“They had a genuine interest in just helping make sure that veterans had opportunities,” Castaldo said. “They were like, ‘We’ll just take any tickets that are left over, whatever you don’t use.’”
That relationship blossomed to the point the Diamondbacks now donate 25,000 tickets a year to Vet Tix.
“In a very short time they turned into really one of the most efficient and reliable places that we could turn to for donated tickets,” Castaldo said. “We like them a lot and believe in what they do and how they’ve grown.”
Vet Tix now has partnerships with every Major League Baseball team with the exception of the Los Angeles Dodgers — “we’re talking to them,” Focareto said — 90% of NHL and NBA teams, college athletic conferences, concert promoter Live Nation, Ticketmaster and more.
Weintraub, who serves as the frontman for Vet Tix because Focareto prefers to work behind the scenes — “it was his brainchild, but he’s not that leader that wants to be out front and in every picture,” Weintraub said — promotes Vet Tix by traveling across the country and speaking at military events like Fleet Week. Vet Tix also has an ad that runs monthly in the Veterans Affairs newsletter.
Steven Weintraub (left), the Chief Strategy Officer with Vet Tix, chats with Army veteran Dennis Burrows during a Diamondbacks-Cardinals game in July 2023. Photo by Charlie Leight/ASU News
Here’s how it works: Veterans create an account with Vet Tix and then can see a list of events where tickets are available — one month in 2022, for example, there were 2,352 open events.
They receive tickets through a lottery system, based on virtual coins they can earn by helping other people sign up, using social media to thank the donor or by holding up a sign at an event thanking the donor.
They then use those coins to request up to four tickets to an event (larger families can request more). If they are selected, they are charged a delivery fee — used to fund Vet Tix — of no more than $14.97 per transaction. If the ticket price is below $14.97, the delivery fee will be less than the ticket price.
Focareto said the donor “testimonials,” as he calls them, are a big reason Vet Tix expanded from an organization that gave away 2,100 tickets its first year to 5 million tickets in 2023.
“It took a long time to get this going,” he said. “We had to prove ourselves.
“Teams would ask us, ‘Why should we donate to you?’ And we found out that the biggest thing donors care about is they want people to show who donated the tickets. We’re at an 85 to 90% show rate, and donors love that.”
Focareto and Weintraub have been astounded by the stories they hear from veterans. One Vietnam War vet was at a hockey game with his son, and his son died from a heart attack the next day.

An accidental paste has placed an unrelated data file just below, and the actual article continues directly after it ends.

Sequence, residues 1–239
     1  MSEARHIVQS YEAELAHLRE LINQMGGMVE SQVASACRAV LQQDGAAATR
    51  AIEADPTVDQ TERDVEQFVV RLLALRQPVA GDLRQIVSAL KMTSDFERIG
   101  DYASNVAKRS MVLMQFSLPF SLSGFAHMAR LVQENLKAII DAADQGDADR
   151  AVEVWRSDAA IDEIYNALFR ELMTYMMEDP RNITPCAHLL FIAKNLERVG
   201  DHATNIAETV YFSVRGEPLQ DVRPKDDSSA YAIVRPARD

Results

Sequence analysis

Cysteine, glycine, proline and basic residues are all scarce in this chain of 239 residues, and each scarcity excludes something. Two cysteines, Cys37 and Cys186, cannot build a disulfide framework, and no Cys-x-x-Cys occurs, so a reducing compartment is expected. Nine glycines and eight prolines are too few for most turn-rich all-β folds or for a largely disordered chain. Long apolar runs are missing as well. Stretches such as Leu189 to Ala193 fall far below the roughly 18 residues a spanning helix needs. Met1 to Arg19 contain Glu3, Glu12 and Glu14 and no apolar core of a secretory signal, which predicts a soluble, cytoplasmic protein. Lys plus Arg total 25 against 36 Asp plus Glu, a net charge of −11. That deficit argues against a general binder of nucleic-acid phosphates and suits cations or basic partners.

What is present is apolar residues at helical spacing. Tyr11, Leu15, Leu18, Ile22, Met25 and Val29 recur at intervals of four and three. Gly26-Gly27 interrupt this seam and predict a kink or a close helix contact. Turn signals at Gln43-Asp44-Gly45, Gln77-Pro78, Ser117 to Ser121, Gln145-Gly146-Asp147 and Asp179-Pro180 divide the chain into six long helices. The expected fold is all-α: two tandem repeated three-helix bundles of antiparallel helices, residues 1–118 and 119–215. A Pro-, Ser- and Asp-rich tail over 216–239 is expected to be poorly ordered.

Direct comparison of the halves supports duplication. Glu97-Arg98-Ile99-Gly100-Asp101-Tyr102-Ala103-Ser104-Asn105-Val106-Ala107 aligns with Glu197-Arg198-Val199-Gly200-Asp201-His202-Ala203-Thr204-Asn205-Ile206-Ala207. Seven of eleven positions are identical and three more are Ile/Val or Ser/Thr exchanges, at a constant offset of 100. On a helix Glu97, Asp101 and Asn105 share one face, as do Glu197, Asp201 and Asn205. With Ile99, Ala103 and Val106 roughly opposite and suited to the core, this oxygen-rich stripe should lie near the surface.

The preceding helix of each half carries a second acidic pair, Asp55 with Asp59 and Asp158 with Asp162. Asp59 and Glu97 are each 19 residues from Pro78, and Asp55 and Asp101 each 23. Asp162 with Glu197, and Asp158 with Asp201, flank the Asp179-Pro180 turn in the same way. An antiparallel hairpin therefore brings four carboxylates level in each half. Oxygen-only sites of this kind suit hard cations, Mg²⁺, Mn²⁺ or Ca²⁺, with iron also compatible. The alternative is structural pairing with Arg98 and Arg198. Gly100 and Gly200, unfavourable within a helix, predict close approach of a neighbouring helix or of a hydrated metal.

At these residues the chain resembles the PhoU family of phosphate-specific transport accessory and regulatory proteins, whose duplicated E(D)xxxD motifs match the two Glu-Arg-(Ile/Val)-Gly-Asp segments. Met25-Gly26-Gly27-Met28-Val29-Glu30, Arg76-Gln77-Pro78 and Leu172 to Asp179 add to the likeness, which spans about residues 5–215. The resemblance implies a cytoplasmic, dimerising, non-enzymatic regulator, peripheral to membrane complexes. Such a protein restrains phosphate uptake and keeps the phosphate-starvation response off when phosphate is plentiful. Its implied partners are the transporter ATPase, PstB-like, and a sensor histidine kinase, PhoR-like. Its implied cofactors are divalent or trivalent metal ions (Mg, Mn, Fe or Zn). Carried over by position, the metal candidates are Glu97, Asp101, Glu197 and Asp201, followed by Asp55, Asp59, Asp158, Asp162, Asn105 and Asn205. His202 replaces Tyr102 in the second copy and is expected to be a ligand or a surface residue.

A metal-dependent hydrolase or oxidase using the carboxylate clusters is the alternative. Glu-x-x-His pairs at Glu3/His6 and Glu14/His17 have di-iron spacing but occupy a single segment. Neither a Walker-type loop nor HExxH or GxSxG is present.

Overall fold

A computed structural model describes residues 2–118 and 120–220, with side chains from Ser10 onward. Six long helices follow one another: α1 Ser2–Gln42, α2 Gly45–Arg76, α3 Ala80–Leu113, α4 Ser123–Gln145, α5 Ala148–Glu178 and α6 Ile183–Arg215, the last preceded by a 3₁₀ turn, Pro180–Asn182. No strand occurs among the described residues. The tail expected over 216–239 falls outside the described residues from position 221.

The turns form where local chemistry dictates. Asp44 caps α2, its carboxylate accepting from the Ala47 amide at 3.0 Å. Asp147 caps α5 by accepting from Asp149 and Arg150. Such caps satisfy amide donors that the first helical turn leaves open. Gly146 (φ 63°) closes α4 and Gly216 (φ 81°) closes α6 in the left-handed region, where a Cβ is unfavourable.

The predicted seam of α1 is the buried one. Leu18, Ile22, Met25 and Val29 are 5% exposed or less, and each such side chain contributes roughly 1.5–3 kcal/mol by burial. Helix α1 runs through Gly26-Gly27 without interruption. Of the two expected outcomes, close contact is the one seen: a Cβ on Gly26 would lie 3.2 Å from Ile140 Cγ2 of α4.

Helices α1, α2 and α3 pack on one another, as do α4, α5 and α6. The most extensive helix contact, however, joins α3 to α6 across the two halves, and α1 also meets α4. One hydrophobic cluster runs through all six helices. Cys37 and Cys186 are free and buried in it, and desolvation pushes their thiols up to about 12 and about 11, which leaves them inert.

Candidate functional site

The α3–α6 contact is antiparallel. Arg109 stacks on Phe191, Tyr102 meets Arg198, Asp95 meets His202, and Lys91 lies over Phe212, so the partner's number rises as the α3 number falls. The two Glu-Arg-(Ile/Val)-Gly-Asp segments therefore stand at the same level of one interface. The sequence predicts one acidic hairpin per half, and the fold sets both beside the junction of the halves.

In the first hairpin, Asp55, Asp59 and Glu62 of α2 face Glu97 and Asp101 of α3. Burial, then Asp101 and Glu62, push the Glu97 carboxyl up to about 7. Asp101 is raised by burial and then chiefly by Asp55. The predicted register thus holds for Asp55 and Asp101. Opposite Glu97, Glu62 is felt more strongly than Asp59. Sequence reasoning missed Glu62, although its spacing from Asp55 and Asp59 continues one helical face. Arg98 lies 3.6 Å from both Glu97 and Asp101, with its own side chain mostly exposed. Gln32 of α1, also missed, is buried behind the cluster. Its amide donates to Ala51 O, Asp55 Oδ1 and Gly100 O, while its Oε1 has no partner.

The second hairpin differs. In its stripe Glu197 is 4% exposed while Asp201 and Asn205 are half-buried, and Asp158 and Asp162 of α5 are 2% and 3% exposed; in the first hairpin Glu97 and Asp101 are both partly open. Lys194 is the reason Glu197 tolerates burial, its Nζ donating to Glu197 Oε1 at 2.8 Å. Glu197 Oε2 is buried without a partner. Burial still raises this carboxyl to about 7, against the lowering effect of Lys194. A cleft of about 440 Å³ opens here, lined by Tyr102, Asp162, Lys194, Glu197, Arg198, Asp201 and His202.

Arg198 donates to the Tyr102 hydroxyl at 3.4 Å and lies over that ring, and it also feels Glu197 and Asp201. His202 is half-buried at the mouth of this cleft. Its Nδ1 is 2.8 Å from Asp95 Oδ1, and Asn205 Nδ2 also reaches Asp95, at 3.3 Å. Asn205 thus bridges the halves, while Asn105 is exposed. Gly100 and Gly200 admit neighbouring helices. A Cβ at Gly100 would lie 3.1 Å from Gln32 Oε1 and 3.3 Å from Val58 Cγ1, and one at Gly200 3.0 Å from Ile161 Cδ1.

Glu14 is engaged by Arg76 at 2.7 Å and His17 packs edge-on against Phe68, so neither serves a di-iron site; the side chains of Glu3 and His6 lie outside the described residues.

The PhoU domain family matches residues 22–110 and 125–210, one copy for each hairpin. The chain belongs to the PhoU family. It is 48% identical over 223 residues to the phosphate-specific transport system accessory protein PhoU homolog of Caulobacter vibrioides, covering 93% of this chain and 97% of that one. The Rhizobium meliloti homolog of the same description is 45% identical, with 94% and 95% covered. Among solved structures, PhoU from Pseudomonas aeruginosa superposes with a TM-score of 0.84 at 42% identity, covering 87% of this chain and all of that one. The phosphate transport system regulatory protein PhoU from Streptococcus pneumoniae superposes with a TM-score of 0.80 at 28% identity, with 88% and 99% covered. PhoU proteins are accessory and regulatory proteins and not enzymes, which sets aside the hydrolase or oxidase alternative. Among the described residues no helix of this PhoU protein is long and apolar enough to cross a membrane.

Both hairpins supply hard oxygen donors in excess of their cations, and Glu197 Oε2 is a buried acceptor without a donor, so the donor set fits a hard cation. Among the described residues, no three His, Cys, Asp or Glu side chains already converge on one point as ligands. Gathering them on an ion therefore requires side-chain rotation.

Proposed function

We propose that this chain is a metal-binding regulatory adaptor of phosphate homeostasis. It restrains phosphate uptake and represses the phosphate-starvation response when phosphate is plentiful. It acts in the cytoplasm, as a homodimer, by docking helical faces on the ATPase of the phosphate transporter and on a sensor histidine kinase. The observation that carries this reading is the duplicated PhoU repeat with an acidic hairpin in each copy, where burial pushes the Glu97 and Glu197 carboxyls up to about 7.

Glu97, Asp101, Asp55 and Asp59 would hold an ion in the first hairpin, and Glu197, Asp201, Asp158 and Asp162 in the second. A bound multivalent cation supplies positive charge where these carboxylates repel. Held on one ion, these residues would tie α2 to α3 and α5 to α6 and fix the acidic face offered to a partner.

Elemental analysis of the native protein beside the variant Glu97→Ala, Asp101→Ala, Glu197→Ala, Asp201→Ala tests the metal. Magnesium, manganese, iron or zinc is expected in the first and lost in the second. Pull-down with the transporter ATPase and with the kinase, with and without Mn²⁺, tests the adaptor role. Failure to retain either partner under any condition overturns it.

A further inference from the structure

“We provided their last experience together,” Focareto said.
One veteran with two tickets to a NASCAR race asked his friend, a fellow veteran who was going through a divorce and child custody issues, if he wanted to go. Weintraub said that in the testimonial he gave to Vet Tix, the veteran with the tickets said his friend told him on the way home that, “If you didn’t invite me to go to this race today, I was going to kill myself.”
“So, the guy dropped his friend off at a treatment facility on the way home, and later he got a call from his friend thanking him for the day and that he had a new trajectory on his life,” Weintraub said.
At last July’s game between the Diamondbacks and Cardinals, more than 400 veterans sat in three side-by-side sections on the 300 level. That closeness, Weintraub said, has provided a benefit Vet Tix never considered 15 years ago.
“When they’re sitting among their tribe, they realize that ‘Hey, this person sounds like me and talks like me,’” Weintraub said. “It gives them a better sense of security. Because a lot of time, these vets don’t like being in crowds. They’re having challenges with reintegration, depression and isolation. We’ll hear from them that it really helped them getting out in crowds and the noise.
“What I glean from going through these testimonials is not only the thank you, but that we’ve literally changed these people’s lives.”
Brett Snyder sits back in his chair in section 311, his 12-year-old daughter Gracyn and her friend beside him. Snyder, who served in the Missouri National Guard and is presently with the Arizona National Guard, estimated he’s been to approximately 50 events the last six years thanks to Vet Tix.
“I’ve got a family of five and we do football, baseball, concerts, Broadway plays… I can’t even think of what else we’ve done but it’s a lot,” Snyder said. “A lot of time I’ll leave my wife at home and take the kids, so it gives her a break from the monotony.”
A few rows down, Kim Smith holds up a homemade sign thanking the Diamondbacks for the tickets. The game against the Cardinals is only the second time she and her husband, Doug, both Air Force veterans, have used Vet Tix to secure tickets.
“I’m very grateful for this service,” Kim Smith says. “It’s just so gratifying that they are taking the time and the energy and all their resources to honor men and women who have served our country for years.”
That’s precisely what Focareto envisioned on that Super Bowl Sunday.
“It’s amazing, just knowing the difference that we make,” Focareto said. “It’s turned into something I can’t even put into words.”